The invention of cochlear implants and other technologies have given many deaf and hard-of-hearing adults and children the option to hear. What, then, becomes of sign language?
When the world gets too loud—because of fireworks, or just to take a quiet break on the weekends—8-year-old Sophie knows what to do.
“When it’s really loud, I just take the magnet off,” she says.
She’s deaf and has had a cochlear implant that’s helped her hear since she was a year old. But she knows by moving that magnet she can stop the device from bringing her sound.
More than 1 in 500 children in the United States is born deaf or hard of hearing, making it the most common congenital sensory problem in the country. Technological advances, like Sophie’s cochlear implants, now give many children the ability to hear and communicate with spoken English from the time they are babies.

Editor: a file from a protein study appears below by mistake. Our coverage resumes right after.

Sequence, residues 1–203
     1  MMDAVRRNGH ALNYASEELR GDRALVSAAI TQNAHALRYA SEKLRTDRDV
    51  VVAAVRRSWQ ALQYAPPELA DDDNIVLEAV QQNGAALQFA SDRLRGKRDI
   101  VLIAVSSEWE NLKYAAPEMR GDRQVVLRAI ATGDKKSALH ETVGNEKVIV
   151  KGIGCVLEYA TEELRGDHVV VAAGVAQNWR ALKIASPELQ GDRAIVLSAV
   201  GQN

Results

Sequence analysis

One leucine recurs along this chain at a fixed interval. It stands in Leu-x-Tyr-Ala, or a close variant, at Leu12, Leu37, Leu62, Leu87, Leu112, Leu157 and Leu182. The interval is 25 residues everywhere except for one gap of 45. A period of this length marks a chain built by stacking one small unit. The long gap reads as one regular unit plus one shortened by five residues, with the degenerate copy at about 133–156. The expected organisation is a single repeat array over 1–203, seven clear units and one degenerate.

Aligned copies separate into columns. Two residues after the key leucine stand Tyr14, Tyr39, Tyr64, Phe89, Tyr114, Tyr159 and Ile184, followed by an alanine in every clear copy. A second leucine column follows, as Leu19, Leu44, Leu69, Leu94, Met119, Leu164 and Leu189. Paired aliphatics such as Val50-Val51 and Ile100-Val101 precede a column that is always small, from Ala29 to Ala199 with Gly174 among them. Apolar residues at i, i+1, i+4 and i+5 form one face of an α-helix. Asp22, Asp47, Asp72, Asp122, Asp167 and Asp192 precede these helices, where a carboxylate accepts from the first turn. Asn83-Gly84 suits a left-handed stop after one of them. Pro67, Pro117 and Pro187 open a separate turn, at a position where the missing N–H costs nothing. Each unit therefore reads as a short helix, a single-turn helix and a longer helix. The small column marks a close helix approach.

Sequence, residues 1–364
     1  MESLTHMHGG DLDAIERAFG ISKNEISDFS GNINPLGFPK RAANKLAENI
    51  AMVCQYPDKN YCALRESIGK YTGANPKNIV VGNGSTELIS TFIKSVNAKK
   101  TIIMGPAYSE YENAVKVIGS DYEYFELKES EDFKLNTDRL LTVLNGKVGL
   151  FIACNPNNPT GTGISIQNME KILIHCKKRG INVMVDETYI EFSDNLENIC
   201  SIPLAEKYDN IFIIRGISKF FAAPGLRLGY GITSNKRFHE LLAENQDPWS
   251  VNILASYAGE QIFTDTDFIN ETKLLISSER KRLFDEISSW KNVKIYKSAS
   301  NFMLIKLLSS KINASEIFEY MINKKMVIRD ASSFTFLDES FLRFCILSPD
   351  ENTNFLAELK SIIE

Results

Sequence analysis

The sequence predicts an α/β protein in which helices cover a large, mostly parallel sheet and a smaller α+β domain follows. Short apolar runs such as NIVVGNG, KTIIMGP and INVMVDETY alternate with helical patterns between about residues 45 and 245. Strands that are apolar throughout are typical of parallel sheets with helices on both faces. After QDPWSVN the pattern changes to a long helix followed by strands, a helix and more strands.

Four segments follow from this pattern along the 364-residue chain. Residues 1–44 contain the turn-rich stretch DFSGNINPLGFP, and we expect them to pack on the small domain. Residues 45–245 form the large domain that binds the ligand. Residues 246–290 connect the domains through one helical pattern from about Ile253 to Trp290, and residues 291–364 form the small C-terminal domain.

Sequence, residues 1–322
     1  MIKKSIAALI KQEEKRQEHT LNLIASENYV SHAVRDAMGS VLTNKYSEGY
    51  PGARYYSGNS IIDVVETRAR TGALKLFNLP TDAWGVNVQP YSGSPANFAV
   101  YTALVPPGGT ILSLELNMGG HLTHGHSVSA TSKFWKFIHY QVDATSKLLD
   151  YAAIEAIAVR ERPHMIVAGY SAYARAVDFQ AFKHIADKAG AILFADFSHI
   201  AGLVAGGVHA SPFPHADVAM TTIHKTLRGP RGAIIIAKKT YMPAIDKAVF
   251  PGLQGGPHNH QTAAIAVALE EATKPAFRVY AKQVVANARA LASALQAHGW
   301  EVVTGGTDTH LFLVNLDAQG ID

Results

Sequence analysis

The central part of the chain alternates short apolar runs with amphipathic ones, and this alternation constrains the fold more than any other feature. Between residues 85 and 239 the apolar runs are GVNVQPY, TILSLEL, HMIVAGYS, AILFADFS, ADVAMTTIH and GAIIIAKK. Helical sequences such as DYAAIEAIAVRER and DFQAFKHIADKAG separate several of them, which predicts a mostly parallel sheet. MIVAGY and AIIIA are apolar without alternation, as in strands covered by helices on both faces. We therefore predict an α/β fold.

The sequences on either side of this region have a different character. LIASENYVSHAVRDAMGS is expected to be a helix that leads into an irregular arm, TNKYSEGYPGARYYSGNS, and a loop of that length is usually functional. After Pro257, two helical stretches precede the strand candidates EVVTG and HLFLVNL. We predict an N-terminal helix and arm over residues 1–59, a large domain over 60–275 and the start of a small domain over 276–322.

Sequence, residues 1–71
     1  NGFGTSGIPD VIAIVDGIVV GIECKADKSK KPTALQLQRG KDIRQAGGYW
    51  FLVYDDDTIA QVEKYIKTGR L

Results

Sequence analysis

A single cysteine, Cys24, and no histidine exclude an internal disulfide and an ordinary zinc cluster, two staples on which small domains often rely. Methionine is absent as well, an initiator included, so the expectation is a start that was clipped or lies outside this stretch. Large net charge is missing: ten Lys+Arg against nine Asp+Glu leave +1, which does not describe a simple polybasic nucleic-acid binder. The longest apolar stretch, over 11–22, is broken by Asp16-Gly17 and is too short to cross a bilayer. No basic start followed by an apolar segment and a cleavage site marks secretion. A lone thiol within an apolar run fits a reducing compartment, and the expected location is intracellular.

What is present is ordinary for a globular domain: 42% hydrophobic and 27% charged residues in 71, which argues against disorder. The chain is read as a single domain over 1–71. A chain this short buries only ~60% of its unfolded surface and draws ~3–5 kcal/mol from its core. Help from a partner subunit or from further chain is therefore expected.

Sitting next to her on the couch in their living room, Sophie’s mom Samantha Zawislak says getting her daughter a cochlear implant, which requires surgery, was a difficult decision.